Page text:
Blog Entry 4: Meeting with Politicians

At some point in your career, you may be asked to sit down with a legislator to discuss your institution or an institution in your area. Where do you start?

First, get to know your legislators. Make sure you know who represents the district in which the institution is located. It’s also important to know on which committees he or she sits and which legislators sit on key committees like budget, appropriations and education committees. Find a way to link the institution with the lawmaker. For example, if the institution is a part of a college or university, figure out which legislators attended that school and target them first. Or find a way to link the archives to one of the official’s causes.

After figuring out who you need to talk to, pick a single, key issue to bring to the attention of your elected officials.  We all have a laundry list of things that need to be funded, changed or upgraded, but no one wants the hear a lengthy list of complaints. Having a key issue allows you to present your case with plenty of statistics, facts and a solution that the lawmaker can sink his or her teeth into. When you meet with legislators, take fact sheets or FAQ sheets, use visual aids on the handouts and try to avoid too much text. Lawmakers usually have very busy schedules and if they can glance at a chart and immediately understand the issue, all the better.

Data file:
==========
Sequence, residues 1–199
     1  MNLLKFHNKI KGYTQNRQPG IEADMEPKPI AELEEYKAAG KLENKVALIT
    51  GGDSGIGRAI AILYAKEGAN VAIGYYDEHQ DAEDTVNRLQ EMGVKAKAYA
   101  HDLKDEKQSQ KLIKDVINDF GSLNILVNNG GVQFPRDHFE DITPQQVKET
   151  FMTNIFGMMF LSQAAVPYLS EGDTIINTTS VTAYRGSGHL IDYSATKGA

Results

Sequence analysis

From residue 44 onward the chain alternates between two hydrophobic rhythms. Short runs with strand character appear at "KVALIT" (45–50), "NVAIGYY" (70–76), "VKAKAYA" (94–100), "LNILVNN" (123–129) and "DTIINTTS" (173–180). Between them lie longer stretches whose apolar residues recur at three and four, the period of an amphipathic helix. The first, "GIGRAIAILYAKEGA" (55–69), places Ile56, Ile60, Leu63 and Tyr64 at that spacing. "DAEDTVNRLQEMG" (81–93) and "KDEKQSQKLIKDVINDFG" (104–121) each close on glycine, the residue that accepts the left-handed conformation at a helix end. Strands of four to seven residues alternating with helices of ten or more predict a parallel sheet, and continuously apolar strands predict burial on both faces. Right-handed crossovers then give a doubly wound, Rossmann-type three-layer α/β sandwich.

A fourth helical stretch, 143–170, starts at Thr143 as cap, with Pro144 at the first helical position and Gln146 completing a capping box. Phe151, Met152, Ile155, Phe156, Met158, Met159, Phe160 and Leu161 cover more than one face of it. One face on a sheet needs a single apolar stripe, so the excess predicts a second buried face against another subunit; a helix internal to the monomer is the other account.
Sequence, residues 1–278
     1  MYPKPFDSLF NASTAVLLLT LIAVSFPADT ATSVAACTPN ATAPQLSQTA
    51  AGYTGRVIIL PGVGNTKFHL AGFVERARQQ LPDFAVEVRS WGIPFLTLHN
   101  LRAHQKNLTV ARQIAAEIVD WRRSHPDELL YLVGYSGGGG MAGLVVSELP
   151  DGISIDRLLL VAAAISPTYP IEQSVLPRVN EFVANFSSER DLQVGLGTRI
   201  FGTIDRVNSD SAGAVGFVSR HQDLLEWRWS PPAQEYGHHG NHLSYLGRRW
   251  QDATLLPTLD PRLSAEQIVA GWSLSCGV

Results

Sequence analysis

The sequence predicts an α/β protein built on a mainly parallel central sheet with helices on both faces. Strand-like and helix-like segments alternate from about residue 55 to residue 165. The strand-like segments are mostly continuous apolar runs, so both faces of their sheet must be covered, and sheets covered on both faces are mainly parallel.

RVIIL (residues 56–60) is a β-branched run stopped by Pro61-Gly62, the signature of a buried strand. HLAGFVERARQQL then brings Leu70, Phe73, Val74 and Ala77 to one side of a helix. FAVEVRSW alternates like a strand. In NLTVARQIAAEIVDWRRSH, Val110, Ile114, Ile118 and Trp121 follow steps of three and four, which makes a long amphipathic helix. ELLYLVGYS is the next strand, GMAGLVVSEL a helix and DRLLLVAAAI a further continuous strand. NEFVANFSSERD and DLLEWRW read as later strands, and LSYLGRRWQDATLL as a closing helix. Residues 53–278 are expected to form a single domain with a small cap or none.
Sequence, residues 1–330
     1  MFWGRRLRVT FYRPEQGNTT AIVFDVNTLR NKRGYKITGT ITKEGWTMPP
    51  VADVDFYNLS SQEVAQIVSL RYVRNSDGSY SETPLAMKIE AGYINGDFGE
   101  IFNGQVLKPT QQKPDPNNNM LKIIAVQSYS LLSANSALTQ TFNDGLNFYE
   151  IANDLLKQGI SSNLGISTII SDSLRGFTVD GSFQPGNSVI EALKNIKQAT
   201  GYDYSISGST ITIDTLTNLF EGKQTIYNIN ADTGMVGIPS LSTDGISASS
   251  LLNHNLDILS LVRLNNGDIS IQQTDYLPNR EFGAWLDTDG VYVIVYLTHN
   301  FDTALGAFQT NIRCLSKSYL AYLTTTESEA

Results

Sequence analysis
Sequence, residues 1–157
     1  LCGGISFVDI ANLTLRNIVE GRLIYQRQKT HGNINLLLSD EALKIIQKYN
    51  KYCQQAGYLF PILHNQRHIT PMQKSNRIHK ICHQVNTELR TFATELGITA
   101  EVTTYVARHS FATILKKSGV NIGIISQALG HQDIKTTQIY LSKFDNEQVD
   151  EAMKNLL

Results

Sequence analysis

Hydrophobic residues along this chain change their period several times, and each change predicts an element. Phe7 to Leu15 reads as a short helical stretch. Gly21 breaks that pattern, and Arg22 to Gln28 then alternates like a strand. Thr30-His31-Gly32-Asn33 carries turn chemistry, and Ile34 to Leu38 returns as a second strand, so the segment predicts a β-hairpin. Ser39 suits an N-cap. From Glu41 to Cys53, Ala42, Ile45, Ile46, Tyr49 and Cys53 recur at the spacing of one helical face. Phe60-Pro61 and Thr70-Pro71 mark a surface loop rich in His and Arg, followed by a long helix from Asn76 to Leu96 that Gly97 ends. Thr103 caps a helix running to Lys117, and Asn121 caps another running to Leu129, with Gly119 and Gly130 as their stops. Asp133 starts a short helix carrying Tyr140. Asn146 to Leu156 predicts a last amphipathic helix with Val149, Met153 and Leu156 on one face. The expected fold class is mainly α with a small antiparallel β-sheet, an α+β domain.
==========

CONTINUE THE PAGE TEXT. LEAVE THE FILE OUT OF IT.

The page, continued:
When you meet with the legislators, have a one to two minute summary ready. In sitting down with your elected official and possibly his staff, expect not to have more than 30 minutes of his time. Be charming, but clear in describing the issue and what you want. If you are asked a question that you do not have an answer for, do not give misinformation, check your facts and get back to official or staff member that asked. Remember that the meeting is a starting point (or a middle point) for a relationship with the legislator and his or her staff. Keep them abreast of what is happening with the archives and/or legislation you met about. Staff can be wonderful allies if you can bring them to your side of the issue.

What you say is important, but who says it is just as important. Start building a team of their constituents, businessmen, and news media. Assemble a list of those in the community who have some influence and recruit them to be on your team. If possible, take some of the team members with you to meet with the legislators; it never hurts to have back up.

American Library Association has a handbook for advocacy, which has wonderful tips for dealing with legislators as well as forms to help with learning about legislator and “shaping your message.” The handbook can be found at Library Advocate's Handbook.